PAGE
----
Sophocles translated by Ian Johnston
Little Homma Productions
Jack Studio Theatre

Eveline Reynolds-Boison as Tiresias Credit: Little Homma Productions
Eleanor Homer as Antigone with Nadia Dawber Credit: Little Homma Productions
Antigone Credit: Little Homma Productions

Little Homma Productions has taken Ian Johnson’s translation of Sophocles’ play from 441 BCE and found a place for it in our times.

The titular Antigone is a contemporary heroine, a woman who has to survive in a landscape of inequality and entrenched misogyny but knows her own mind, her conscience guiding her to rebel against established authority.

A daughter in arguably the most dysfunctional family known to man, her brothers Eteocles and Polynices have died on opposing sides of the same battle over the throne vacated by their father, Oedipus, a character much mocked and misunderstood thanks to turn-of-the-century psychoanalyst Sigmund Freud.

Oedipus’ brother-in-law, Creon, is now King of Thebes and has decreed that Eteocles shall have a funeral with full honours as befits a defender of the nation, whilst the treacherous Polynices shall be denied the funeral rites that pay homage to both the dead and the gods required under divine law, and furthermore his body is to be left to be devoured by animals.

For the noble and headstrong Antigone, there is no choice between the law of man and that of the gods, and in an act of civil disobedience directly defying Creon’s authority, she buries Polynices knowing that retribution that awaits her.

Creon cruelly condemns her to be buried alive, a poorly regarded and disproportionate punishment.

He is unable to read the room, and in his hubris, he confuses intransigence with strong leadership and clings to his unpopular choice for justice despite the people’s support for Antigone. It is only the prophet Tiresias’ authoritative warnings of the gods’ reprisals against him that force Creon to reveal his true colours, and in a pattern familiar to modern audiences, he scrabbles to make good his previous misjudgements and fails catastrophically.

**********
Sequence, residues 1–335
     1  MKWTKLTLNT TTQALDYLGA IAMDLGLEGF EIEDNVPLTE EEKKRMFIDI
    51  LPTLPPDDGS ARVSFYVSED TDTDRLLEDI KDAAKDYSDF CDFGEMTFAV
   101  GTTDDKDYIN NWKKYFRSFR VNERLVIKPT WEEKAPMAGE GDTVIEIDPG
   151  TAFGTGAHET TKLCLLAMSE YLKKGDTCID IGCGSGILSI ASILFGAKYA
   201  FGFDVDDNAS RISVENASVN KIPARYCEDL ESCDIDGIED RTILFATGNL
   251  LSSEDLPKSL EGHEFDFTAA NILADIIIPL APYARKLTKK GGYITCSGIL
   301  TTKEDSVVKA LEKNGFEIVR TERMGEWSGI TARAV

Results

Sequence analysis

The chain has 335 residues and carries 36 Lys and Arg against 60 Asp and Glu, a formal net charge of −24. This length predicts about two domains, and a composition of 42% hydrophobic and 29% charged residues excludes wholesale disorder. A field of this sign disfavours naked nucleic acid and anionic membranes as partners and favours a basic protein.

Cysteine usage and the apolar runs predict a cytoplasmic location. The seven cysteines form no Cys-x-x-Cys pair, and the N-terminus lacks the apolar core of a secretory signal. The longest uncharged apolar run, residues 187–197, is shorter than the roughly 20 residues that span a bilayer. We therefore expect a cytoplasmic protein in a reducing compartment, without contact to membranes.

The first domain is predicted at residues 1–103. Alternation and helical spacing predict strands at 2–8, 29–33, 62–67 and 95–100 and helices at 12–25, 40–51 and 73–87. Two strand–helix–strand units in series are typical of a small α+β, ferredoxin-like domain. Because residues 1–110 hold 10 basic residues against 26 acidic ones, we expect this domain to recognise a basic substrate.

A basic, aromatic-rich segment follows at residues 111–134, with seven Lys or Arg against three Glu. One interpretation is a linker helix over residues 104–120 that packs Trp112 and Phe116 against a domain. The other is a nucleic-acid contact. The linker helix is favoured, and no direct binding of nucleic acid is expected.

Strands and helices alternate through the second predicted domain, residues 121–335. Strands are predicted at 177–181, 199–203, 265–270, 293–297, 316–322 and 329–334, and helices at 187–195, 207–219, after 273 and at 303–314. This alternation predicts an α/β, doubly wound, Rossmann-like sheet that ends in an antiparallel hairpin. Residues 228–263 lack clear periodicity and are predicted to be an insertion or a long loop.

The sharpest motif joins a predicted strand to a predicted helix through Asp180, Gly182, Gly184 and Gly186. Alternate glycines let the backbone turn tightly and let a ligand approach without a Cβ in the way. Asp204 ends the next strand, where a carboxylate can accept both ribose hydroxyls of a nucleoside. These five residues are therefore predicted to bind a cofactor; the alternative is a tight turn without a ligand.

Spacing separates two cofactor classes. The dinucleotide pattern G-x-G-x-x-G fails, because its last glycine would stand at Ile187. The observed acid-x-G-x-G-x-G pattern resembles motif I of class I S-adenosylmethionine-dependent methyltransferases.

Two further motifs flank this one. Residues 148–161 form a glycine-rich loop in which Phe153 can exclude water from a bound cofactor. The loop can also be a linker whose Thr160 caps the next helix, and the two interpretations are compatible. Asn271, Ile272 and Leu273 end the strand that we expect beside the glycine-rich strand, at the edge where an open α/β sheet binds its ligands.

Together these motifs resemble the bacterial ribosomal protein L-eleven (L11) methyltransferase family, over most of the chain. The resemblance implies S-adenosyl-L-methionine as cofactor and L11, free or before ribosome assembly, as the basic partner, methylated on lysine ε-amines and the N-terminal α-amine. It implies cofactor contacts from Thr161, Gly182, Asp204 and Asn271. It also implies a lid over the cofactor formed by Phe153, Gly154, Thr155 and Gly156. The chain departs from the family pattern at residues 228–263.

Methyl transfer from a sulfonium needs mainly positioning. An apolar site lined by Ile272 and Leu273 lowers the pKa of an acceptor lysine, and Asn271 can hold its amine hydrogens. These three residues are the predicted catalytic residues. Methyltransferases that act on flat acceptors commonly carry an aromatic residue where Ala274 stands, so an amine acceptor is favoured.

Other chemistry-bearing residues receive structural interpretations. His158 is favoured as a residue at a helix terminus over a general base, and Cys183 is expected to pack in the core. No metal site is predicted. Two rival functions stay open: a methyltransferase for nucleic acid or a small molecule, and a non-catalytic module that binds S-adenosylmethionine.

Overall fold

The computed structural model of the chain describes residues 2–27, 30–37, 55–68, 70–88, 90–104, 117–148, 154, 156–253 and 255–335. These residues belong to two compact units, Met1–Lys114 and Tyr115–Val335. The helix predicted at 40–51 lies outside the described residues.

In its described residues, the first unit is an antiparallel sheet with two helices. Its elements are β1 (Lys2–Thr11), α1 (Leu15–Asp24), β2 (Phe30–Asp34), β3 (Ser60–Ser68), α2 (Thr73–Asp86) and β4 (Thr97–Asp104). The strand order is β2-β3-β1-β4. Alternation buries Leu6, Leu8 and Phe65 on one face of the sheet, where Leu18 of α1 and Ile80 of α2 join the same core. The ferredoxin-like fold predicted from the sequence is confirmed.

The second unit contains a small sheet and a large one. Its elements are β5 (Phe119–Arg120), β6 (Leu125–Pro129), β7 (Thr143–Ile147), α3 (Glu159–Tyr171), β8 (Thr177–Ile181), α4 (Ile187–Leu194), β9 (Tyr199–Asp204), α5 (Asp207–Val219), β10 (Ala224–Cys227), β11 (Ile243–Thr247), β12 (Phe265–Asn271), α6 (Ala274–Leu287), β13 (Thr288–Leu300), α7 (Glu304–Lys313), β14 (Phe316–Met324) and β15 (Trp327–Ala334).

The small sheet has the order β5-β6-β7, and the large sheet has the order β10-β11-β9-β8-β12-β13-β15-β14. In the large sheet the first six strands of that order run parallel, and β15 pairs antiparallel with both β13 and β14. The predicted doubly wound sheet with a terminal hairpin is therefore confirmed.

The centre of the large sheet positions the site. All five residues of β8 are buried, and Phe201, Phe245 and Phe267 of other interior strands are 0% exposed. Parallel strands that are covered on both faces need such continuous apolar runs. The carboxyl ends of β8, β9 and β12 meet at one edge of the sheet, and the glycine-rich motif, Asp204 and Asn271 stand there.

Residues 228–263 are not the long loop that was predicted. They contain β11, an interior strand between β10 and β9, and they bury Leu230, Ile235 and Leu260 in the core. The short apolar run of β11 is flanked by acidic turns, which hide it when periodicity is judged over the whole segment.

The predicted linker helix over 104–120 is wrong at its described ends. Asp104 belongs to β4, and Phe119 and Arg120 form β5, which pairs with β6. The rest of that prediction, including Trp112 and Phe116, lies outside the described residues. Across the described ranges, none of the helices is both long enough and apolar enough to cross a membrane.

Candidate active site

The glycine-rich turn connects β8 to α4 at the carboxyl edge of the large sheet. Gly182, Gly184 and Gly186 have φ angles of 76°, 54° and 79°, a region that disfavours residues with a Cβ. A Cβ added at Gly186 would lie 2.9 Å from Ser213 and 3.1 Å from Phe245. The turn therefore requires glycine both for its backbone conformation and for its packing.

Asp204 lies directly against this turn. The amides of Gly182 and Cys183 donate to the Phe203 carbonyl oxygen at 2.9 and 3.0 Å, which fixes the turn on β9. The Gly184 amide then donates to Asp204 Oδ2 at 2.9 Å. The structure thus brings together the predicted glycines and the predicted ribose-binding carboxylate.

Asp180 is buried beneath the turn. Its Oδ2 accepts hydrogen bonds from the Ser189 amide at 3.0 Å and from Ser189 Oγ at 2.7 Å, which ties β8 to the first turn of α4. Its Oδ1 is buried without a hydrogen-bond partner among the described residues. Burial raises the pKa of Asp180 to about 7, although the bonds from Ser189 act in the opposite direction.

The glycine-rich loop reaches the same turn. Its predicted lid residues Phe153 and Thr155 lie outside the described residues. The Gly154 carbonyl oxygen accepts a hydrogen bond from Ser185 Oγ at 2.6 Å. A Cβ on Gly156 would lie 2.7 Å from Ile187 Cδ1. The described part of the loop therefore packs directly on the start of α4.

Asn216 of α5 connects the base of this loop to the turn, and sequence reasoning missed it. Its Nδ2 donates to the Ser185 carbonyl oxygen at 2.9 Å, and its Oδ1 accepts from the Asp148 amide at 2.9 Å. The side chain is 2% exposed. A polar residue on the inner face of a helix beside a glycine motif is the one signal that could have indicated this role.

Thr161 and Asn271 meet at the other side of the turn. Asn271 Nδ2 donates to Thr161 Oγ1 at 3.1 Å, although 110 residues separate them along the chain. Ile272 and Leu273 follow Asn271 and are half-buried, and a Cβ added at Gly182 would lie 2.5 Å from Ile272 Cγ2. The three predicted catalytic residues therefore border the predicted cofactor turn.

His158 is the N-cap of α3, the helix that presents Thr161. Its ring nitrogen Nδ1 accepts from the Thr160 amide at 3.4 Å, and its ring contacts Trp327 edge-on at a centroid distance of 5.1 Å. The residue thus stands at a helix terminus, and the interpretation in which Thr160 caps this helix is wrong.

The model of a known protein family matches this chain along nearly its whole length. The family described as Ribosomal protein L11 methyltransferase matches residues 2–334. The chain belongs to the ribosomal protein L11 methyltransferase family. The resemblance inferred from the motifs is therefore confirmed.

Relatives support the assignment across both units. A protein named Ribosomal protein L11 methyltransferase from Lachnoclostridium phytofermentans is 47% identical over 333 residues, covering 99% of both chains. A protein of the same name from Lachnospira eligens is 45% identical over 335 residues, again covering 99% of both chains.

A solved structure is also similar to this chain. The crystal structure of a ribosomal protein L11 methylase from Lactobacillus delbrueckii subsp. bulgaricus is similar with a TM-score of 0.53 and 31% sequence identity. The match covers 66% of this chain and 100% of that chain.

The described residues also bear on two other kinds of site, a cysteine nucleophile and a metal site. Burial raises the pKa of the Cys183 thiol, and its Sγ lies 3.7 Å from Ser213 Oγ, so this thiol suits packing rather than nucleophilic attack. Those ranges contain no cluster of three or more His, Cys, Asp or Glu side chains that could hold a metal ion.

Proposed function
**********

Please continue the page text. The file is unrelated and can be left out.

A large cast lend heft to this epic story played out against a stonking contemporary rock soundscape. The text would have benefited from a little more clarity between the doubled-up minor roles, soldiers and Chorus; meanwhile, it is Eleanor Homer’s strongly delivered Antigone who presents with feisty dignity, whilst Mark Homer’s Creon falls from autocrat to “disgraceful fool”.

His ruin would be satisfying were it not for the body count amongst his own innocent family that accompanies its realisation. At this point in Little Homma’s production, the story has a coda that attempts to retrofit a thread of male violence against women into the narrative.

Fair play to them for the attempt, but the preceding text has not done enough to establish a strongly gender-based intent to the action for the concept to succeed. The more enduring theme is the fallibility of people in positions of power and what they will do to hold on to it, something we forget at our peril.

Reviewer: Sandra Giorgetti

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